The revelation that a documentary filmmaker used voice-cloning software to make the late chef Anthony Bourdain say words he never spoke has drawn criticism amid ethical concerns about use of the powerful technology.
- Roadrunner: A Film About Anthony Bourdain appeared in cinemas on Friday
- The documentary uses AI to “make his words come alive”
- Bourdain’s widow says she did not approve
The movie Roadrunner: A Film About Anthony Bourdain appeared in cinemas Friday and mostly features real footage of the beloved celebrity chef and globe-trotting television host before he died in 2018.
But its director, Morgan Neville, told The New Yorker that a snippet of dialogue was created using artificial intelligence technology.
That has renewed a debate about the future of voice-cloning technology, not just in the entertainment world but in politics and a fast-growing commercial sector dedicated to transforming text into realistic-sounding human speech.
“Unapproved voice cloning is a slippery slope,” said Andrew Mason, the founder and chief executive of voice generator Descript, in a blog post on Friday.
Before this week, most of the public controversy around such technologies focused on the creation of hard-to-detect deepfakes using simulated audio and/or video and their potential to fuel misinformation and political conflict.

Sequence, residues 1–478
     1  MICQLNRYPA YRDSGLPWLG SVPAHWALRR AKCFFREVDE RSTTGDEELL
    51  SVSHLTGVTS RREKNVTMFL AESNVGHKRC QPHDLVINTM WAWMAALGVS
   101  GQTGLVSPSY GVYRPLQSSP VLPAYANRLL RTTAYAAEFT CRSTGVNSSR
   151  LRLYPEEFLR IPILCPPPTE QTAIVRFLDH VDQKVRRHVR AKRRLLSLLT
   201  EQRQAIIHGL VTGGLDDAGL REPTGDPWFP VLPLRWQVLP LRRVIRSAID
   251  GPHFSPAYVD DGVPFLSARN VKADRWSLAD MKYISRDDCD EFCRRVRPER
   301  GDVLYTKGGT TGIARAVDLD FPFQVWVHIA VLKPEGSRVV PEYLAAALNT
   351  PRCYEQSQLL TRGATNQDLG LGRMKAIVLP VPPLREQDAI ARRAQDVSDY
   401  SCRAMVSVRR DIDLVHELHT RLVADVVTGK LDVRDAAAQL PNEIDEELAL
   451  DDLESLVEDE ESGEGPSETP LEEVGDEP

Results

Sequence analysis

But Mr Mason, who previously founded and led Groupon, said in an interview that Descript has repeatedly rejected requests to bring back a voice, including from “people who have lost someone and are grieving”.
“It’s not even so much that we want to pass judgment,” he said. “We’re just saying you have to have some bright lines in what’s OK and what’s not.”
Neville has not identified what tool he used to recreate Bourdain’s voice but said he used it for a few sentences that Bourdain wrote but never said aloud.
“With the blessing of his estate and literary agent we used AI technology,” Neville said in a written statement.
Neville also told GQ magazine that he got the approval of Bourdain’s widow and literary executor.
The chef’s wife, Ottavia Busia, responded by tweet.
“I certainly was NOT the one who said Tony would have been cool with that,” she wrote.